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Life On Planet Earth


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Life On Planet Earth

  1. 1. Sustainable Ecosystems Part 1: Understanding Ecosystems
  2. 2. <ul><li>Earth is a medium-sized planet orbiting a star ( the Sun ) at a distance of approximately 150,000,000 km </li></ul><ul><li>Viewed from space, Earth appears as a pale blue dot. </li></ul>Earth
  3. 3. <ul><li>As you near Earth, you will notice it is surrounded by a thin gaseous layer swirling with clouds . </li></ul>
  4. 4. <ul><li>Finally, you will be able to distinguish the oceans , land and ice that cover the Earth’s surface. </li></ul>
  5. 5. <ul><li>Earth’s atmosphere is the layer of gases extending upward for hundreds of kilometers. </li></ul>The Atmosphere
  6. 6. <ul><li>The atmosphere is made up of about 78% nitrogen gas and 21% oxygen gas. </li></ul><ul><li>The remaining <1% of the atmosphere includes argon, water vapour , carbon dioxide and a variety of other gases. </li></ul>The Atmosphere
  7. 7. <ul><li>The atmosphere is critical to life on Earth. It acts like a blanket and moderates surface temperatures . </li></ul><ul><li>The insulation prevents excessive heating during the day and cooling during the night . </li></ul>The Atmosphere
  8. 8. The Atmosphere <ul><li>The Earth’s global average surface temperature is 15 o C . </li></ul><ul><li>Without an atmosphere, the global average surface temperature would be -18 o C </li></ul>
  9. 9. The Atmosphere <ul><li>Earth’s atmosphere also blocks some of the incoming solar radiation , including most ultraviolet light. </li></ul><ul><li>Without the atmosphere, most of Earth’s species would be unable to survive. </li></ul>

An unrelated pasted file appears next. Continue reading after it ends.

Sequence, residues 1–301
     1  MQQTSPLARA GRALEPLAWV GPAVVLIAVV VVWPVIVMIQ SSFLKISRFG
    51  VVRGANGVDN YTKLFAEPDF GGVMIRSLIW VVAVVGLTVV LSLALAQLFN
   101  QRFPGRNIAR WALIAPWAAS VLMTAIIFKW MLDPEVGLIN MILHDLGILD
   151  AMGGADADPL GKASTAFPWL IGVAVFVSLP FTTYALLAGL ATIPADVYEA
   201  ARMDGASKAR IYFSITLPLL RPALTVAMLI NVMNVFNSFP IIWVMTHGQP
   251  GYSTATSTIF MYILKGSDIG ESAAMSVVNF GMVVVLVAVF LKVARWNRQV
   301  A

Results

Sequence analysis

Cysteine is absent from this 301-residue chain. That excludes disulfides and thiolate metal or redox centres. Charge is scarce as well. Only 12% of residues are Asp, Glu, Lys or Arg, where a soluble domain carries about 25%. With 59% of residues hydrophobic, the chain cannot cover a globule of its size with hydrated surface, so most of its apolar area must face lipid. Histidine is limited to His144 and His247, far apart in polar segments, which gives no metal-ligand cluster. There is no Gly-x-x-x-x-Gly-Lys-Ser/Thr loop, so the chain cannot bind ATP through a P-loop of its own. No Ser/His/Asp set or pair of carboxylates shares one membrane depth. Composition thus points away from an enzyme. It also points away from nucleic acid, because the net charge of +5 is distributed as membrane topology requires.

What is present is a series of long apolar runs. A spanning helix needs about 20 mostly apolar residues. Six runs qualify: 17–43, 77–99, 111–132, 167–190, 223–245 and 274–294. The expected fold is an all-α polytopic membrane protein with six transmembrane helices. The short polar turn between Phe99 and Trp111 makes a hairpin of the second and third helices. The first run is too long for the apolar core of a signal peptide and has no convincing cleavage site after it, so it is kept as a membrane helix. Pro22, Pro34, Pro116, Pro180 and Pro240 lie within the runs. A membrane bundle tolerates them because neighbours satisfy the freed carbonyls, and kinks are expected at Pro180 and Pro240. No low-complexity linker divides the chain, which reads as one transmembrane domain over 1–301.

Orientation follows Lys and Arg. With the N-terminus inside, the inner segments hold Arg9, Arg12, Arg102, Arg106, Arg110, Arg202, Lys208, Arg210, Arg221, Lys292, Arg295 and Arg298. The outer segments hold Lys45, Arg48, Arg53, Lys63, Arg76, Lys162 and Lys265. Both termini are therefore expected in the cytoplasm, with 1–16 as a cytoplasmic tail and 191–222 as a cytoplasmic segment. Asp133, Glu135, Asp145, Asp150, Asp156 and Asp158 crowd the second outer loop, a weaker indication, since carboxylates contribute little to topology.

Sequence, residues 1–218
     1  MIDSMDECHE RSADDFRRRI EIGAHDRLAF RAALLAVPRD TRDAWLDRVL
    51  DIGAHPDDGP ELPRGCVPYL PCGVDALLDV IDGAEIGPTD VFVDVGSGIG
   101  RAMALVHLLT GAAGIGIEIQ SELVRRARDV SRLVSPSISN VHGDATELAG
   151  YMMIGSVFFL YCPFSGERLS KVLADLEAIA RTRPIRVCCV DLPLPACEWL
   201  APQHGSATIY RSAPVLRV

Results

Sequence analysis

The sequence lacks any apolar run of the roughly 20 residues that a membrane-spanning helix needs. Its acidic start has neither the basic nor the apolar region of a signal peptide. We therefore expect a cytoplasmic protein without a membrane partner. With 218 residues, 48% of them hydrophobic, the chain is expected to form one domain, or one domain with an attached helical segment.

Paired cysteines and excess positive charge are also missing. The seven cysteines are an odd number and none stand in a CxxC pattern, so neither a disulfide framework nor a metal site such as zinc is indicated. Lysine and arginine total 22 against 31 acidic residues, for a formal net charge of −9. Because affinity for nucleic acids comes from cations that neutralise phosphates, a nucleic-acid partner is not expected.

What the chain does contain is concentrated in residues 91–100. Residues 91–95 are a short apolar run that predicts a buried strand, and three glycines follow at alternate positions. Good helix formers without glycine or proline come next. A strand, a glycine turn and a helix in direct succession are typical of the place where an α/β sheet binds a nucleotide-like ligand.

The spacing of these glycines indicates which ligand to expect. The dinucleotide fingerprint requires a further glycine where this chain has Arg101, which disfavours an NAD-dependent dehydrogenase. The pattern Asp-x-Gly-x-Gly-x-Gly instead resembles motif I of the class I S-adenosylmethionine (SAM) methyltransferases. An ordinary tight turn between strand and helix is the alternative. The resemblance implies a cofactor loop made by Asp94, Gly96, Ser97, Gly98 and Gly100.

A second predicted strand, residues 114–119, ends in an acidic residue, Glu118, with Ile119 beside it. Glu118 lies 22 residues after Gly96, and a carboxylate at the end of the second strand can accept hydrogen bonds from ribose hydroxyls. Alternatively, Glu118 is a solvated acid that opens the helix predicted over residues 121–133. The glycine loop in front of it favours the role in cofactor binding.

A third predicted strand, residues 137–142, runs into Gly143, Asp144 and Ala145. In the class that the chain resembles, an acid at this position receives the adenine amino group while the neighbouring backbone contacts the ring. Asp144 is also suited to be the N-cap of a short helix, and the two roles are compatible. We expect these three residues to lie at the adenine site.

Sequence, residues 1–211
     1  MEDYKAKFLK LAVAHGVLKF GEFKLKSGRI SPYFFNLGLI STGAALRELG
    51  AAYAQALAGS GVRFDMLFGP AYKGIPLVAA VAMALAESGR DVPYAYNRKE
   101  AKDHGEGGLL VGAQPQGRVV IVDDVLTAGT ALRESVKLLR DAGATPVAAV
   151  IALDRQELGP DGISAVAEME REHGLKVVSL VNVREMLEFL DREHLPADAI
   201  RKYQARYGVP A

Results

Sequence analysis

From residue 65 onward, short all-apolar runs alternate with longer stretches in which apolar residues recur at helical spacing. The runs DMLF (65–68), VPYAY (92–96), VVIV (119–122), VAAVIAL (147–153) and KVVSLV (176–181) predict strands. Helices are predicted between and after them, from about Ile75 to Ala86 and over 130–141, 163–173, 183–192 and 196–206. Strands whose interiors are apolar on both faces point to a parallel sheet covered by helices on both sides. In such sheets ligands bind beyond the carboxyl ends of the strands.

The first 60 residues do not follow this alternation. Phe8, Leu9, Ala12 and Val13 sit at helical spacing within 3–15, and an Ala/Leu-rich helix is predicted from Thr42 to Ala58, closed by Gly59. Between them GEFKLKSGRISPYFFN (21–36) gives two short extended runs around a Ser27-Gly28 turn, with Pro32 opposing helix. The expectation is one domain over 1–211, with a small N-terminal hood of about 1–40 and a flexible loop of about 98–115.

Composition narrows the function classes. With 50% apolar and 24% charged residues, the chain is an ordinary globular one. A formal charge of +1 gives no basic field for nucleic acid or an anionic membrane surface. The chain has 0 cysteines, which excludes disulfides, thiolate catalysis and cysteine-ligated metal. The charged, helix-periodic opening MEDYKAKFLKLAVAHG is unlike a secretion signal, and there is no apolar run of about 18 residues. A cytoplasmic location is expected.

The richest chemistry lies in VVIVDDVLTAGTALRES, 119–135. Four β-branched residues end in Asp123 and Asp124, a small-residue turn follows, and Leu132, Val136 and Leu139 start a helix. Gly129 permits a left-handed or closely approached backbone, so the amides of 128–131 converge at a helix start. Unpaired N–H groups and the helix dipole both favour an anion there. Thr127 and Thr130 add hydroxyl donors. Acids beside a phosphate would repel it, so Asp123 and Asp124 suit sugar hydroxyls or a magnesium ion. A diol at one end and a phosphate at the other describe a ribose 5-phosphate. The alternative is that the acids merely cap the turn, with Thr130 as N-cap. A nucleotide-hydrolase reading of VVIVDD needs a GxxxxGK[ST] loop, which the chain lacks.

10. 10. The Lithosphere <ul><li>The lithosphere is the rocky outer shell of the Earth. </li></ul><ul><li>It consists of the rocks and minerals that make up the mountains, ocean floors and the rest of Earth’s solid landscape . </li></ul><ul><li>The lithosphere ranges from about 50 to 150 km in thickness. </li></ul>
  11. 11. The Hydrosphere <ul><li>The hydrosphere consists of all the water that is on, above and below Earth’s surface. </li></ul><ul><li>It includes oceans, lakes, ice, groundwater and clouds . </li></ul><ul><li>Nearly all the water on Earth (97%) is contained in the oceans . </li></ul>
  12. 12. <ul><li>Scientists use the term biosphere to describe the locations in which life can exist within the lithosphere, atmosphere and hydrosphere. </li></ul>
  13. 13. The Biosphere <ul><li>Most of the easily observed life forms exist on land and in water , but micro-organisms can exist several kilometers beneath Earth’s surface . </li></ul>
  14. 14. The Biosphere <ul><li>Earth is very large (about 12,700 km in diameter) but the biosphere is very thin in comparison. </li></ul><ul><li>All conditions required for life must be met and maintained within this thin layer of ground , water and lower atmosphere . </li></ul>
  15. 15. The Biosphere <ul><li>All living things need space , water and nutrients to survive. However, the supply of these resources is limited . </li></ul>